It is extremely common in the fashion industry for an agent to carry a number of collections for different brand owners. It is also a commonly held view that this does not cause a problem.
This is not the case.
A brand owner has a right to prevent their agent from acting for competing brands. This is because an agent has a legal obligation to their “principal” (i.e. to the brand owner) not to put themselves in a position in which their personal interests or those of another principal (i.e. a competing brand owner) may conflict with the first principal’s interests (unless there is prior fully informed consent).
An agent owes these duties to their principal irrespective of whether there is a written or oral agency agreement. In addition, these duties are entirely separate from any non-compete restrictions on the agent in a written agency agreement.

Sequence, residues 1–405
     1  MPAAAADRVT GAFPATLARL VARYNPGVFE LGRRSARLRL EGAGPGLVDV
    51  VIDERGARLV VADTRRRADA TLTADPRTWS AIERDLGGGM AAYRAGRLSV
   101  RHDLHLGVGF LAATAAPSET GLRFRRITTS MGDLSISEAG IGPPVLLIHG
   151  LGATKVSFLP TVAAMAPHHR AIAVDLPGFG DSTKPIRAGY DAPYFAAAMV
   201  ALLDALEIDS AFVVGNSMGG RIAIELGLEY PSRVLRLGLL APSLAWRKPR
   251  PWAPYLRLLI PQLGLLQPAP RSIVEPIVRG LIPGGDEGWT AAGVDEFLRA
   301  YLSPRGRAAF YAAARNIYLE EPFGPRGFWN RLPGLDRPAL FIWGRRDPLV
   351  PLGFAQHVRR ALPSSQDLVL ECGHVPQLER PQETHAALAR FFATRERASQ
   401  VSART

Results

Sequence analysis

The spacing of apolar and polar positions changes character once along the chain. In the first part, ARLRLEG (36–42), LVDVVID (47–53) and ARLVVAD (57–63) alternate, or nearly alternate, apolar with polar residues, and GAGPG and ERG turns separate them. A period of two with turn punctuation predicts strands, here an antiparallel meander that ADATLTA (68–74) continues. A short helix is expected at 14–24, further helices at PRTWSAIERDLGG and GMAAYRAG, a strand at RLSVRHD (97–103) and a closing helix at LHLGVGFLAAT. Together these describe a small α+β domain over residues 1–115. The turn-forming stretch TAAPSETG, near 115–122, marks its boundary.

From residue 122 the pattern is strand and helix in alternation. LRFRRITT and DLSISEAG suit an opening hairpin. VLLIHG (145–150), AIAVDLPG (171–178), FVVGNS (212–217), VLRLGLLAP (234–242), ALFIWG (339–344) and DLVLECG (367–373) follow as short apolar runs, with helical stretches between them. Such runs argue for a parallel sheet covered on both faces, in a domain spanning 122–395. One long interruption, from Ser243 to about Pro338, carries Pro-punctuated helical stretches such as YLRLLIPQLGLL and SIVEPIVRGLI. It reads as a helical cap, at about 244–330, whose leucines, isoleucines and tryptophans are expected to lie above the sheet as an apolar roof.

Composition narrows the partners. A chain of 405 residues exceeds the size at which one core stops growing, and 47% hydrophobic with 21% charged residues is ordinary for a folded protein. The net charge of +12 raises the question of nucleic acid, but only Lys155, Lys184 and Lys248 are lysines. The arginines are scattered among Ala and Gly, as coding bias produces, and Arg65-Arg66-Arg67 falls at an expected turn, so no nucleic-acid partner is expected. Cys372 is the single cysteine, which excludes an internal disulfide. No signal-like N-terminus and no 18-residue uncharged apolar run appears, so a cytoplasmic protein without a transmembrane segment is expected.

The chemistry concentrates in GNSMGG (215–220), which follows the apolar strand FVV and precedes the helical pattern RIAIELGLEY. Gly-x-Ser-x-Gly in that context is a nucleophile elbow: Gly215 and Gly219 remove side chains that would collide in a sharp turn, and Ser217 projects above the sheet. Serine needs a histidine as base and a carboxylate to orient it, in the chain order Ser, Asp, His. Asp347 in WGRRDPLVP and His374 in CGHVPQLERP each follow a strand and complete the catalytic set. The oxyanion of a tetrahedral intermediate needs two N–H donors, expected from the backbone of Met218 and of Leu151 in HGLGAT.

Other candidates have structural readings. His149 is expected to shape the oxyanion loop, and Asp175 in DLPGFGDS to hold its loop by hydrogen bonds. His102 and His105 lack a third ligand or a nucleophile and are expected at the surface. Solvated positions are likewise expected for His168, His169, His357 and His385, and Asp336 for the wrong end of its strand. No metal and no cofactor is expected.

A conflict will clearly arise if an agent takes on a competing brand. An agent will often try to justify taking on another collection by arguing that there is no risk of a conflict of interest arising because the products do not compete, or even because the products complement each other. Yet whether or not a product competes with another product can be a difficult question to determine. It depends on how the market is defined. The more narrowly the relevant market is defined, the less likely it is that the products compete.
Provided that prompt action is taken, a principal who has not consented to an agent acting for another principal is entitled to terminate the agency agreement immediately. As a result the agent will lose the right to compensation or indemnity payable under the Commercial Agents Regulations. Further, the principal may claim damages or even an account of profits from the agent, who will have no defence.